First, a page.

14ymedio, Luz Escobar, Havana, 9 June 2019 — In a city where basic products are scarce, thinking about buying a sex toy, never mind the taboo, can be a real odyssey. In Cuba there are no stores “for adults” and XXX cinema is viewed with suspicion or persecuted by the authorities.
A group of artists wanted to break with the canons of a society that rejected “bourgeois morality” in the ’60s but that keeps intact the puritanisms and taboos of that era. Consolez Vous — the name is French and means roughly ’Console Yourself’ — is the project of the artists Yanahara Mauri, Javier Alejandro Bobadilla and Joan Díaz, who during the last Biennial of Havana stormed the Cuban Art Factory with the provocative idea of installing a sex shop. Their pieces are now exhibited at La Marca, as part of the Design Biennial, convened and organized by the National Design Office.
“Everything started as a project of the Biennial, we presented it and they accepted it. Although the initial idea was not to participate in the Biennial, this work began much earlier, with the project of establishing a store,” says Bobadilla in an interview with 14ymedio.
For the artist, the important thing is not the objects themselves, but “the gesture of openly and publicly” establishing a sex shop in Cuba. “I was very skeptical, I have always been pessimistic and I did not think that it would be approved for the Biennial but, well, they accepted it, like magic,” he says.
The original idea was to establish a traveling store. “We wanted to go to the opening of the art shows and set up the store there or park a couple of days at the fairs where they sell handicrafts, shoes, wallets and sell there, near the town,” he explains. The authorities did not accept this proposal and placed the proposal in the Art Factory, a place where thousands of people enter daily.
“These erotic objects are all transparent, they have messages and things inside, apart from the mixtures of colors. We prepare the right environment to make them look better and be more appealing. We put up banners, we set up like a boutique. Every day that the Factory opened, we were going to sell, from Thursday to Sunday, “explains Bobadilla, a cybernetic professional.
To make the pieces, they use polyester resin. “The material is liquid, it looks like honey, then you put another substance that hardens it. We give it a form using condoms, which are difficult to obtain, because they are missing from pharmacies,” he adds.
We have toys of different sizes and colors, some are smooth but there are others that have curves. In the shop some complained that the objects “do not vibrate” or that “they are very hard.” Others asked that silicone be used instead of resin.
Customs prohibits “natural persons” (individuals) from importing goods, and self-employed people do not have the legal standing to do so. “What else would I like. With a silicone tank and a 3D printer there is much we can produce, but, although we want to promote the industry, we have the ’internal blockade.’ This business in Cuba is very complicated,” he laments.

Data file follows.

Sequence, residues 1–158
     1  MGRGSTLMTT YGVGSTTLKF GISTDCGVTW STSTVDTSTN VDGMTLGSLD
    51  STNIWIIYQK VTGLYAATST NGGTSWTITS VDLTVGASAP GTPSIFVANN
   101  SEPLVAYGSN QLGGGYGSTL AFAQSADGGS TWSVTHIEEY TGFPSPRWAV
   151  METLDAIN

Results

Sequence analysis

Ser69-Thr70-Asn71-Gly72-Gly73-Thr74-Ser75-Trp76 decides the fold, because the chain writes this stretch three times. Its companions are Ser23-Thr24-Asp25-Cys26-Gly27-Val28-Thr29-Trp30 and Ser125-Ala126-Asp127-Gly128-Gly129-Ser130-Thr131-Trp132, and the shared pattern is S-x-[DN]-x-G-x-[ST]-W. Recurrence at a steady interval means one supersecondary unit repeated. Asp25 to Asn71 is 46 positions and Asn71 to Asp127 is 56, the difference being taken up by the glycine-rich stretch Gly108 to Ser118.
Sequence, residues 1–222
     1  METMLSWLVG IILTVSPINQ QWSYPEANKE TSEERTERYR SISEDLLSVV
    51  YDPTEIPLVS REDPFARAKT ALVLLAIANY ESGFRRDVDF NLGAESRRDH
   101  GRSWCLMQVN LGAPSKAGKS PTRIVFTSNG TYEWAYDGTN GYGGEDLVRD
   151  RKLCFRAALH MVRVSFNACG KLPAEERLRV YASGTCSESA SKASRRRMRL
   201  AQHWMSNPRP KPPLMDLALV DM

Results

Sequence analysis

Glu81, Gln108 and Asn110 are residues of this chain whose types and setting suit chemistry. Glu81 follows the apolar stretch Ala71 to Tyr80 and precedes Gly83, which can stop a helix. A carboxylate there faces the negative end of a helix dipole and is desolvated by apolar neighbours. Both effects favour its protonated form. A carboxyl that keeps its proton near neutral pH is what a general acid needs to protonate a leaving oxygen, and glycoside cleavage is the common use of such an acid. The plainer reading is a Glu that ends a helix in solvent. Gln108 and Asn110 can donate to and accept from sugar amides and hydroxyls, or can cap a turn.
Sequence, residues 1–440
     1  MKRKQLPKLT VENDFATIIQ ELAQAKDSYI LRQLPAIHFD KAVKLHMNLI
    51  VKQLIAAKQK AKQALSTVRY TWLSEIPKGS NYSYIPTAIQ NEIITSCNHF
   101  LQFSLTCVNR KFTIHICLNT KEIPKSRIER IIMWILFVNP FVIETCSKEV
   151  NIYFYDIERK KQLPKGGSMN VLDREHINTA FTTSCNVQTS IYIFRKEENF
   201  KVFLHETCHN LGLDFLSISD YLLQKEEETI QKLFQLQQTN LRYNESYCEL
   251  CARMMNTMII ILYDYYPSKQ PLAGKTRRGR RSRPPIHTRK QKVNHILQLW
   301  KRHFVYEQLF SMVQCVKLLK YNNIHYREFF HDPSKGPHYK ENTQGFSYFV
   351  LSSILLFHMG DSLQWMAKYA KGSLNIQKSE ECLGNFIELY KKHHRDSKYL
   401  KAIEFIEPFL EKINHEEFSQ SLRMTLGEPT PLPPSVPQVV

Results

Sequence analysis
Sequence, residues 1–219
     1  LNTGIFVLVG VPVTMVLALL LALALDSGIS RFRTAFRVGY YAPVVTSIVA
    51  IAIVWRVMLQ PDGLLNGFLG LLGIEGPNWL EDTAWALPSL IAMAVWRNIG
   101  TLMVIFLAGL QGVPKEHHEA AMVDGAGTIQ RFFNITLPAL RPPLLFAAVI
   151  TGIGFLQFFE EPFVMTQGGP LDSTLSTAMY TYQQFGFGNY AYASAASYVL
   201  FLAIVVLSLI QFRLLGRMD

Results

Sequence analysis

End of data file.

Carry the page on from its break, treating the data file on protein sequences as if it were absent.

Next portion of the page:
In the absence of places licensed for the sale of sex items, an illegal market has developed in the country. A sex toy costs between 20 and 60 CUC. Sex shops in Cuban exist clandestinely in private homes with products arriving in the country in the baggage of the so-called ’mules’ — individuals who bring items through customs.
The Consolez Vous artistic project ran throughout the month of April and the first week of May at the Art Factory, at which point the institution abruptly closed. The artists sometimes wandered away from their small space with erotic objects in hand to provoke potential customers and although some walked away embarrassed, others entered to look.
“Some people buy it for decoration, in the end this is art. If someone asks me if I’m selling dildos will tell him no, that what I sell are sculptures, what they used after they leave the store is someone else’s problem,” says Bobadilla.
Although at first the idea was to give away the objects, the high price of the raw material forced the artists to sell their work. Each sexual object is sold at 5 CUC (roughly 5 dollars). The price barely covers the investment, but it is part of the purpose of the display: “For these objects to be within reach of people’s wallets,” he adds.
The artists want the Cuban public to change their perception of sexual objects. “In some cases couples came into the store together. Others preferred to leave their wife or husband outside. Many were laughing at the entrance without daring to pass. We always provoke people and hawk the goods, like in agriculture,” he adds.
“For the Biennial we made 500 toys and we only have one small box left in Matanzas. We have sold more than 400,” says Bobadilla proudly, dreaming of having his own shop in the Art Factory.
“The difference between the toys that come from abroad and ours is that what we offer to the Cuban public, in addition to costing a lot less, is art,” he emphasizes. “Art made in Cuba.”
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